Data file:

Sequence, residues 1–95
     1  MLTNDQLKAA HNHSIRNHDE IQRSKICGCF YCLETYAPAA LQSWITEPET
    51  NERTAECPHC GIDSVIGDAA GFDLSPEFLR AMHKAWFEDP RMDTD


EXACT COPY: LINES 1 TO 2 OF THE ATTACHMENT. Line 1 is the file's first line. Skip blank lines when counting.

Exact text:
Sequence, residues 1–95
     1  MLTNDQLKAA HNHSIRNHDE IQRSKICGCF YCLETYAPAA LQSWITEPET